Aisha Walker

Thinking onscreen

Picky Learners

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Today’s children are often described as ‘digital natives’ or ‘the net generation’ having grown up with digital devices: laptops; netbooks; Xboxes; Nintendo; Wiis; iPads/Pods/Phones; smartphones; Kindles…  Intuitively this rings true as many people have seen babies and toddlers playing with iPads and smartphones with apparently instinctive understanding of the technology.  Even in the 1980s and 1990s a common joke was to say that if you couldn’t programme your VHS recorder then you should ask a child to do it.  However, this ‘digital natives’ discourse forgets or ignores two important points.  The first is that many of today’s digital tools are designed to be very easy to use. Tablets and smartphones don’t come with manuals because the intention is that they should be as intuitive as possible.  People don’t need to be taught how to use these devices; users learn as they use.  The second point is that learning is what children do.  Children learn indiscriminately from the environment that surrounds them.  When babies first start eating finger foods then they will eat almost anything: broccoli, courgettes; mushrooms… Then, as they get older children start to develop preferences and many toddlers become ‘picky eaters’ who stay firmly within their gustatory comfort zones.  They know what they like and they stick with it.  Similarly, young children learn whatever is available.  They copy the adults around them and they engage in trial and error.  If dropping carrots provokes an interesting reaction from an adult then the child will do it again.  If tapping icons on a tablet produces interesting effect then the child is encouraged to continue and try again with other icons (and devices).

As children grow and develop into adults they cease to be undiscriminating and become selective about what kinds of knowledge and skills are useful, relevant or interesting to them.  In other words, they become ‘picky learners’.  Knowles, in 1970, identified the selective nature of adult learning and established a set of principles, which he called ‘Andragogy for working with adults.  Adults (and older children) know what they like and what they need so are more receptive to learning which falls into these zones. Adults whose needs or interests are served by digital tools will quickly learn to use them.  For example, people whose new grandchildren live a long way away may start using Skype so that they can see as well as hear the children and Facebook so that they can keep up with family news and photographs.  Previously, these adults’ communication needs had been well served by phone, letter and email so there had been no need to learn these new digital tools. For some young people nowadays, their communications toolboxes include a range of digital tools such as Facebook, What’s App and Tumblr so they use these fluently.  However, and this is important, as long as their needs are met by the resources they currently use, there will be no need for these young people to learn new tools.  The  young people now using What’s App are growing into picky learners who use what is appropriate now and will learn new things as needed, just as their parents and grandparents do.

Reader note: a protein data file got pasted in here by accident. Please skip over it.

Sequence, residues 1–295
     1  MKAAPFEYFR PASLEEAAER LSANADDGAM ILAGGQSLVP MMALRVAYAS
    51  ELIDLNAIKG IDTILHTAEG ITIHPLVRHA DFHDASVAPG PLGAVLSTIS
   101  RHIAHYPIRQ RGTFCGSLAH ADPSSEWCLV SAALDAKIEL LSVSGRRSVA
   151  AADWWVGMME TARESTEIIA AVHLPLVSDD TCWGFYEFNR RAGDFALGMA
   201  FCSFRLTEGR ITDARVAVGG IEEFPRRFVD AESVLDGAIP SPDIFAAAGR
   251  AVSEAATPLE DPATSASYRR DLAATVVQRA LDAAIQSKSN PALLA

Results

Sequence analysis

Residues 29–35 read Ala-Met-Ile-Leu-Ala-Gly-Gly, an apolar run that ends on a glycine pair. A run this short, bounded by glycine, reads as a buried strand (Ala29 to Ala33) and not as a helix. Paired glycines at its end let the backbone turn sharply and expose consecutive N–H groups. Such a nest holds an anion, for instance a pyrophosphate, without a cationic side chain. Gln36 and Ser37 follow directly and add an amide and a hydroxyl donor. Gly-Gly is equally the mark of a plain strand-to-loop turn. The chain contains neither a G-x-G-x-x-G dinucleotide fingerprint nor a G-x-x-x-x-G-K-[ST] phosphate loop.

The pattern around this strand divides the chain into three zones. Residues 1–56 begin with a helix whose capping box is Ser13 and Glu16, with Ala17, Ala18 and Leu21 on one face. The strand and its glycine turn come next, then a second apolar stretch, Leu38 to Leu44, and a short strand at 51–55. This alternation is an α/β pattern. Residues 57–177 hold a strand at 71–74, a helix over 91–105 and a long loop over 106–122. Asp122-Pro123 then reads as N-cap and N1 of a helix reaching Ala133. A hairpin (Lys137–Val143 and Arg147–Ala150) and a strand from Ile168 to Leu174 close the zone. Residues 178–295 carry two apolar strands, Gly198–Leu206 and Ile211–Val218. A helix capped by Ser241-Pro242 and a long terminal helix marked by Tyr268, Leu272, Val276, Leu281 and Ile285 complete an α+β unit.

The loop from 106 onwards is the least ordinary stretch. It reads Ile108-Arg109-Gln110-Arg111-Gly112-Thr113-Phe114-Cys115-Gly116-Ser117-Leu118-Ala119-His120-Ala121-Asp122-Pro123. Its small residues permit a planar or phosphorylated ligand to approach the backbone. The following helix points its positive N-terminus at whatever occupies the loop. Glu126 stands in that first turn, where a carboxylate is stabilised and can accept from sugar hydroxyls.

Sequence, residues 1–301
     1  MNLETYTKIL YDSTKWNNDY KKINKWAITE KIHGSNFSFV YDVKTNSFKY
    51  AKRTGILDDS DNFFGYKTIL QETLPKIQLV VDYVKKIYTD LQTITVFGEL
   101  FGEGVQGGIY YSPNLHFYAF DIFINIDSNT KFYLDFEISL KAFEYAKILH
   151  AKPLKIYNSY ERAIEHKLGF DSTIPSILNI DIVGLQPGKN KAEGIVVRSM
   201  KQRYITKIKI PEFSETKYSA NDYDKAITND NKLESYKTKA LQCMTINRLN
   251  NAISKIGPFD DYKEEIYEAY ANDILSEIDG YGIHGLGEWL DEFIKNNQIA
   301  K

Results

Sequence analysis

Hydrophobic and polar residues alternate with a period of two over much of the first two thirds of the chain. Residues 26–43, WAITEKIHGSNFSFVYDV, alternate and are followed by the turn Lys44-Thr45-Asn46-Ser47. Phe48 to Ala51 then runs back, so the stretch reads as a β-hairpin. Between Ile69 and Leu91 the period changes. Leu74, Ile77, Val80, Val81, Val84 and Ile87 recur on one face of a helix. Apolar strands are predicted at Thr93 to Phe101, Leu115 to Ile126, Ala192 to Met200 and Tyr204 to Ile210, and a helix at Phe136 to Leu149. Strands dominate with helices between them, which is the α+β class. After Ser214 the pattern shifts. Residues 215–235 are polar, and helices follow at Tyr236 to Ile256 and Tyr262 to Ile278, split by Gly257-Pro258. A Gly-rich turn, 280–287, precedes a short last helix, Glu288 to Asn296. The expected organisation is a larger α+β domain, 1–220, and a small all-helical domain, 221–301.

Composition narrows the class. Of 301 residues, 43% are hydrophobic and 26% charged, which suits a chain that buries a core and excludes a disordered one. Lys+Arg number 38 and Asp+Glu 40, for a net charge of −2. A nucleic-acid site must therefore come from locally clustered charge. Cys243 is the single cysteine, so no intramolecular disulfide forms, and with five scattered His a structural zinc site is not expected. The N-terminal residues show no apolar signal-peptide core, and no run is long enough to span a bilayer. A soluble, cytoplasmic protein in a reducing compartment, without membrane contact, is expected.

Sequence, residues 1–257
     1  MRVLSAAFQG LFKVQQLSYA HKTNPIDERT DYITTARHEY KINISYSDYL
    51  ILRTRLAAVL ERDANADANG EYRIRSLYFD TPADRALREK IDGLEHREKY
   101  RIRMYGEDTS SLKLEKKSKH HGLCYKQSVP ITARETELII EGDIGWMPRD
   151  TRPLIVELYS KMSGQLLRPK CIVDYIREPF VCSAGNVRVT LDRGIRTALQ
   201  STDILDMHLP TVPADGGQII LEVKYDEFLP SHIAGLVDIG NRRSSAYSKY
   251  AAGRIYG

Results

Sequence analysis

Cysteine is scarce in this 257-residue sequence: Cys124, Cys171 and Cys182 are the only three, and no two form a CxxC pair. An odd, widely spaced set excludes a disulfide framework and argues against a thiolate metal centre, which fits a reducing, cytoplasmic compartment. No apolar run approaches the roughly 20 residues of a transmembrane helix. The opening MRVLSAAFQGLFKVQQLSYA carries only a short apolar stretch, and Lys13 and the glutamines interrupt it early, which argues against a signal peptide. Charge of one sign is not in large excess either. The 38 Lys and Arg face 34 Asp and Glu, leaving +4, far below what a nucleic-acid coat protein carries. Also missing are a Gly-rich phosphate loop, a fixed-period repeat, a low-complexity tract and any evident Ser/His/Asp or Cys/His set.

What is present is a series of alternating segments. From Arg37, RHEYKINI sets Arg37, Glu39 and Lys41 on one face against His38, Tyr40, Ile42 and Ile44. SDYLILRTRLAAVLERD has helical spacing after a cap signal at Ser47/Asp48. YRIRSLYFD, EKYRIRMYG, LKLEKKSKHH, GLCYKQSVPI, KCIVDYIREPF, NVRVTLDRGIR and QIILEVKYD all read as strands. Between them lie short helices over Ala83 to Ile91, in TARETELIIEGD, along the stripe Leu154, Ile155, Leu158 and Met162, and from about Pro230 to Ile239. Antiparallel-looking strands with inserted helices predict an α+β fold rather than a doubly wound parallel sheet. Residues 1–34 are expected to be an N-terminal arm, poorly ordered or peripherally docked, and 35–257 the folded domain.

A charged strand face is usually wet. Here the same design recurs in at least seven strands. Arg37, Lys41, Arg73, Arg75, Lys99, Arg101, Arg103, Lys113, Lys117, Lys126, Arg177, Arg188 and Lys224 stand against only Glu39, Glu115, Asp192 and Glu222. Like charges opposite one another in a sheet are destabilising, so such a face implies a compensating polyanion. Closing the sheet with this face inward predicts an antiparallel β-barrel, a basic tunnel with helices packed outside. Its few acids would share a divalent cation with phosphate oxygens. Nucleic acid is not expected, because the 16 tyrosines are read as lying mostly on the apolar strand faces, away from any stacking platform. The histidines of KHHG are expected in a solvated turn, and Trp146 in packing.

Knowles, M.S. (1970) “The modern practice of adult education; andragogy versus pedagogy”  New York : Association Press

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  1. Pingback: Digital Dichotomies | Aisha Walker

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